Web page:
Most growers probably know that frequent rototilling damages the soil (especially at the same depth every time, or when the soil is too wet or too dry). Soil care can include disturbance of various human kinds. Silage tarps can cause compaction when they gather rain, snow or ice, and stay in place a long time. Microplastic particles can crumble off old tarps into the soil, where they can be eaten up by the microfauna. Polyethylene can prevent beneficial gas exchange between the soil and the air. The soil life also “disturbs” the soil, churning it. Be guided by your observations of your soil, not by a particular belief in a certain method.

The chapter on breaking new ground describes several ways to make a no-till garden from a lawn, pasture or old garden. Deal with any soil compaction up front, either mechanically, or with an extra growing season and big-rooted plants.

Start with the no-till methods Jesse and Hannah use most often. “Shallow compost mulching” involves keeping a 4” (10 cm) layer (not deeper) on bed surfaces year-round, topping up as needed. With a 4” layer, the roots can reach the soil quite soon. Their second preferred method is grown-in-place mulch. Terminate a thick stand of cover crop and plant into the mulch as soon as it has wilted down.

If you don’t need to till before starting your vegetables, you can mow at soil level, and cover with a tarp for two summer months or 3-5 winter months. If you are mowing in the fall, you could spread cardboard and compost to form the beds, then tarp everything until spring.

Silage tarps and plastic mulches can be particularly helpful during transition, to salvage beds when things go wrong, or as emergency tools when a mulch supply line collapses.

The second section, “Keep it Covered as Much as Possible”, discusses compost, mulch, cover crops, flipping beds (transitioning from one crop to the next) and path management.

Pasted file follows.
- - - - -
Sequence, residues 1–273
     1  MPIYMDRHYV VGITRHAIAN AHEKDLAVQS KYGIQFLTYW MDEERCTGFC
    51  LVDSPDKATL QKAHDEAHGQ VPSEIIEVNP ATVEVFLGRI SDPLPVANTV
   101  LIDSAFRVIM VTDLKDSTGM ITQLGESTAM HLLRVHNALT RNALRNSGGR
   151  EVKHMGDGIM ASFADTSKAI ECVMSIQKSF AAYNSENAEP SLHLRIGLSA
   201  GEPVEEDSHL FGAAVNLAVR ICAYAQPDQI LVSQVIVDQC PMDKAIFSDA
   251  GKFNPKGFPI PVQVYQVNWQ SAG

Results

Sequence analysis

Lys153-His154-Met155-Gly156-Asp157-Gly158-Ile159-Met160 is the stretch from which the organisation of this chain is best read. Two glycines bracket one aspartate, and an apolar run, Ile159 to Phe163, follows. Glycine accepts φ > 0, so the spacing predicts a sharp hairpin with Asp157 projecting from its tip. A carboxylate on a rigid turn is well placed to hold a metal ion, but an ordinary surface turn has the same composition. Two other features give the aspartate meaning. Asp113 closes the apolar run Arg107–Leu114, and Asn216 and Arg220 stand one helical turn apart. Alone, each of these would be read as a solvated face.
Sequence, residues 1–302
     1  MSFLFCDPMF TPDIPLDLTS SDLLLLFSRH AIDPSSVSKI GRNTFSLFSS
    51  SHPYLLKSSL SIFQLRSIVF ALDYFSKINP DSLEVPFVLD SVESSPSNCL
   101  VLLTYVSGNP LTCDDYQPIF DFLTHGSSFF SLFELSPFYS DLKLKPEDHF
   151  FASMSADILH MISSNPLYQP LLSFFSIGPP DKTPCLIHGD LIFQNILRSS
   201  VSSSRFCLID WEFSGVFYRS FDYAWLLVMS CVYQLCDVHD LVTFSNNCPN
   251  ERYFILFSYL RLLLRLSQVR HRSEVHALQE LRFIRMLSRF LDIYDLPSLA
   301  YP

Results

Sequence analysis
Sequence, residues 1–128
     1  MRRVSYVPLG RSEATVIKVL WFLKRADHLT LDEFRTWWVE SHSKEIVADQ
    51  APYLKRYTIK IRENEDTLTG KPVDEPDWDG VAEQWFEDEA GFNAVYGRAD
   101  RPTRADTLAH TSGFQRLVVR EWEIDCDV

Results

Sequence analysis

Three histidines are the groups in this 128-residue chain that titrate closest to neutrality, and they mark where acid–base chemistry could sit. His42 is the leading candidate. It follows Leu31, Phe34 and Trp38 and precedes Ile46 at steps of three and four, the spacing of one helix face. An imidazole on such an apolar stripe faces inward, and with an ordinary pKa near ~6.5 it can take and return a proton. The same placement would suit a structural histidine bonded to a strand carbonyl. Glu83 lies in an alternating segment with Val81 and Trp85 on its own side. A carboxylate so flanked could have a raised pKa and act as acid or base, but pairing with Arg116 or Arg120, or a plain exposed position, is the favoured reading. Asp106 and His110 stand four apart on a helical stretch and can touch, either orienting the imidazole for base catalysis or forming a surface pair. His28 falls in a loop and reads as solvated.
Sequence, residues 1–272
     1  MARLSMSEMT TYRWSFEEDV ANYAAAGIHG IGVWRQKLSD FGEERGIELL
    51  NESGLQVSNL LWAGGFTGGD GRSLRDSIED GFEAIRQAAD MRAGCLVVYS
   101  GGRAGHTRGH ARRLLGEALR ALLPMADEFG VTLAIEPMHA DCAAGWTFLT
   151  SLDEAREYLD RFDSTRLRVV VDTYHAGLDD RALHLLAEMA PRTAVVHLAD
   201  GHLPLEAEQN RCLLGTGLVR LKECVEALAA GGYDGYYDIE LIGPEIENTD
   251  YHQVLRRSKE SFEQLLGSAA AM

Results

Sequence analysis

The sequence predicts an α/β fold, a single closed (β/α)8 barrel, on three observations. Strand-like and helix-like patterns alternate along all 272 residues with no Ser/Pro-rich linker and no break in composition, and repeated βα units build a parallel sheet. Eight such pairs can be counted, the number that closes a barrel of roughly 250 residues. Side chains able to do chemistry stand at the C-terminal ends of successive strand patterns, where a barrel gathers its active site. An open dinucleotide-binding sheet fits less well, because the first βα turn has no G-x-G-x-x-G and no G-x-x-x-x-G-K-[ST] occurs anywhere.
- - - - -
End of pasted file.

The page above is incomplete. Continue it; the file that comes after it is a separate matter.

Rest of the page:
Composts come in four types (recipes included):compost

  1. Inoculating composts are expensive, fine textured and biologically active. Vermicast (worm manure) is one example. Good for compost tea.
  2. Fertilizing composts such as composted poultry manure are fine textured nitrogen sources to use before planting.
  3. Nutritional composts supply organic matter, microbiology, nutrients, minerals, and ample amounts of carbonaceous material. They can be used in larger amounts.
  4. Mulching composts are high in carbon, maybe 20 C:1 N, and relatively low in nutrients.

Mulching retains moisture, prevents compaction, reduces weeds, provides habitat, provides foods for some creatures, and reduces the impact of heavy rain or heavy feet. Straw can be expensive. Hay gives better weed suppression, but may itself be a source of weed seed. Spoiled hay has fewer live seeds, comes at a better price, and is messier to spread. Hay is more nutritious for the soil than straw. You could solarize your hay bales for 3-8 weeks before spreading, to kill seeds.

Paper and cardboard give excellent occultation compared to loose straw and hay, and provide an effective mulch with less depth (easier for transplanting into).

Wood chips, sawdust and bark mulch can sometimes be free, from workers clearing under power lines. Tree leaves and leaf mold are nutritious materials for mulch or in compost. Cover crops may be mowed or crimped to kill them, usually leaving them in place as a newly-dead mulch.

Peat moss is controversial. Peat bogs are very effective carbon sequestering habitats, and based on this, we should not use peat without restoring the bogs. Coconut coir is sometimes used as an alternative to peat moss, but we are mining the thin tropical soils when we import it.

Plastic mulches stop weeds, warm the soil, and conserve moisture. Landscape fabric is durable, and some growers burn holes for transplanting certain crops, and reuse it many times. Organic regulations require plastic mulch to be taken up at the end of the growing season, and they do not accept biodegradable plastic mulches.

Jesse Frost

Chapter Five is about flipping beds (replacing one crop with the next). Chopping plants off at the surface and/or tarping are two main no-till methods.

Jesse provides a valuable table of no-till crop termination methods for 48 vegetables and herbs. Whenever possible, leave the crop roots in the soil. Some can be cut at the surface (lettuce, baby greens, cucurbits and nightshades), some need to be cut slightly below the surface (brassicas, beans, corn, spinach and chard) and most others are harvested as root crops. Roots are a valuable source of carbon and root exudates, and help air and water pass through the soil.

Flail mowers, weed whackers (with a bush blade rather than a nylon line), scythes, hoes and knives can all be used to cut down old crops, depending on the particulars. When a crop is terrminated, deal with soil compaction if needed, amend the soil, keep it damp, get mulch in place, and replant the same day if you can, to help preserve microbes. If the previous crop was a cover crop, your fertility is supplied by that, and no more amendments are likely needed.